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Friday, November 13, 2015

Is God in control?

Most Christians would immediately answer that question with a firm "YES!" However, if we would take the time to consider all of the evidence available to us on the subject, we might want to qualify our response or give an entirely different answer to the question! In fact, both Scripture and the world around us argue for a more nuanced view of the degree to which God is currently in control of things.

This is an issue which agnostics and atheists have taken Christians to task for on numerous occasions in the recent past, and most Christians have either ignored the challenge or failed miserably in trying to respond to it. After all, the question: "If God is in control, why is there so much sorrow, suffering and pain extant in the world?" seems to pose a legitimate challenge to either the existence of God, or the degree to which "He" is in control.

And, if that isn't enough to deal with, Scripture offers a number of different perspectives on the issue. Nevertheless, I think that most Christians would begin their attempt to answer this question in the pages of the Bible.

The first two chapters of Genesis reveal God as the Source or First Cause of everything we see around us (including us). Hence, it is reasonable for Christians who give credence to what the Bible relates about creation to conclude that God set everything in motion. However, the third chapter of that book indicates that mankind rejected God as the source of their moral code and decided to formulate one of their own. We are also told there that God, as a consequence of this choice, decided to cut off direct access to "Himself" and the "Tree of Life." Does that imply that mankind was on its own after that event? At the very least, I would say that Christian theology demands some kind of alienation/separation/remoteness from God after the events described there. Isn't reconciliation/atonement the very thing that Christ's sacrifice was supposed to accomplish?

There is also the concept of free will to grapple with in properly addressing this question. Doesn't the ability to decide or choose the course which one will pursue in life (good or bad) imply/demand a certain amount of nonintervention by God? After all, if God is really in control, there is no such thing as free will is there?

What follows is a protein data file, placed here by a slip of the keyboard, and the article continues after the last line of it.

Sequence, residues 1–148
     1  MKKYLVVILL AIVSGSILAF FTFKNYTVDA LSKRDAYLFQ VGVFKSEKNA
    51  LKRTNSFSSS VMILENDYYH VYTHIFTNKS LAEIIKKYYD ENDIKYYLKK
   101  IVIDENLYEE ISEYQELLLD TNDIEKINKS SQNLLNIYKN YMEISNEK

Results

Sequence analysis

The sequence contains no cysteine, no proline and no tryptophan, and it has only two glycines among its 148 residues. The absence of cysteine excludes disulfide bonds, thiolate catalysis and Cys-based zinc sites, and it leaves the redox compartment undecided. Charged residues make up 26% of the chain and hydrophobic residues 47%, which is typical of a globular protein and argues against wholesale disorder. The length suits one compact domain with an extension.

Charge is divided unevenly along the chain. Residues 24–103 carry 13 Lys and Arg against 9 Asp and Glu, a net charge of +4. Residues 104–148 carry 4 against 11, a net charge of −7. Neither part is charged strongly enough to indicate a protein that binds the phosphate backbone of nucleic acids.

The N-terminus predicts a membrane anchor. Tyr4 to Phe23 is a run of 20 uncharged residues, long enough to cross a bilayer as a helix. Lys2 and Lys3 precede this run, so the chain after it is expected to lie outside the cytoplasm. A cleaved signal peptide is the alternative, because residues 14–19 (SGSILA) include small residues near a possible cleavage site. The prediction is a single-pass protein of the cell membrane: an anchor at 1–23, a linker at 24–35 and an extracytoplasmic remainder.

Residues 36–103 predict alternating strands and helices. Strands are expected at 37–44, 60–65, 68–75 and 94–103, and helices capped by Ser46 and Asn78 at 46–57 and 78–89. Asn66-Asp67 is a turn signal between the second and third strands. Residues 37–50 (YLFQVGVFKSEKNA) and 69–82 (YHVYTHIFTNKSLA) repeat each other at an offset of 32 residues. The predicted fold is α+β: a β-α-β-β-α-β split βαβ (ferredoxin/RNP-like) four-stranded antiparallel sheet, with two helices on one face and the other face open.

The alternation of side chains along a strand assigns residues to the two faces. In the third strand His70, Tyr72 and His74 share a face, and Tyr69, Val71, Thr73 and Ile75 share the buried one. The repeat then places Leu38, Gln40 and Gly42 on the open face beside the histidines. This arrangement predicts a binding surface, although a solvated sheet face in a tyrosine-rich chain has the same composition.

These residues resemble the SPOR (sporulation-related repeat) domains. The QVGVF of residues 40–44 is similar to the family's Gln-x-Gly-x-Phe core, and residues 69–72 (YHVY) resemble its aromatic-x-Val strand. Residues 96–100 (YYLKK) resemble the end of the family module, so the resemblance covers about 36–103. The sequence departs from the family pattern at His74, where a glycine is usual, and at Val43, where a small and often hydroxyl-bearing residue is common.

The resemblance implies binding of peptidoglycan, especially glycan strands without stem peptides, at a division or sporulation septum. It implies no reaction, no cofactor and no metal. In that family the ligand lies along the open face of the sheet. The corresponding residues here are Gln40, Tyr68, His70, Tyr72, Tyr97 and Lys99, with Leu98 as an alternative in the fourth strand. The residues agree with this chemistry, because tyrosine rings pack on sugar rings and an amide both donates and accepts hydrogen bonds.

However, we also have the phenomenon of Divine intervention described in the Bible. The book of Exodus describes God's intervention to free the Israelites from Egyptian slavery. Likewise, we are also told there (and in Leviticus) that God gave "His" laws and judgments for the Israelites to Moses. In Numbers, Deuteronomy and Joshua, we read about God's intervention in battle on behalf of the Israelites. Hence, we must grapple with the fact that Scripture insists that God has the ability to intervene in human affairs when "He" chooses to do so. Nevertheless, for those of us who do not subscribe to the doctrine of inerrancy, I would say that a healthy dose of skepticism is in order regarding Divine intervention in human wars or using God as a justification for humans killing humans.

The book of Job introduces yet another concept concerning the degree to which God is in control. In the opening pages of that book, we read that God allowed Satan to afflict Job. This is a theme that will be employed many more times throughout Scripture: God is not the source of evil or bad things, but "He" does allow or permit them to exist/happen. So here we have the concept of God sometimes choosing not to be in control.

The Psalms, on the other hand, tend to present God as being in control of everything. The psalmists often refer to God as the active sustainer of creation. They even present God as the source of wind and rain, and the one who feeds the wild animals. To be sure, the language of these poems/songs is highly symbolic and metaphorical; but the image of an active God (one who is in control) is undeniable.

Likewise, we have the instance of what happened to King Nebuchadnezzar of Babylon recorded in the book of Daniel. We are informed there that God was determined to show the king that "He" was the one who was truly in charge. The occasion was yet another dream that the king had had about a great tree that was chopped down. In the dream, a "watcher and a holy one" descended from heaven (Daniel 4:13) and said that everything that was about to happen to the tree was for the purpose of demonstrating "that the most High ruleth in the kingdom of men, and giveth it to whomsoever he will, and setteth up over it the basest of men." (verse 17) Moreover, when Daniel interprets the dream for the king and it's subsequently fulfilled, God's control is reiterated. (see verses 25 and 32, and 5:21)

The Apostle Paul seems to echo these sentiments in the New Testament. He wrote to the saints at Rome: "Let every soul be subject unto the higher powers . For there is no power but of God: the powers that be are ordained of God." (Romans 13:1) Likewise, a passage in the first epistle of Peter seems to imply that the civil authorities are God's agents. (I Peter 2:13-14) Nevertheless, a word of caution is in order here for Christians - many of whom have interpreted these Scriptures to say things that they do not say.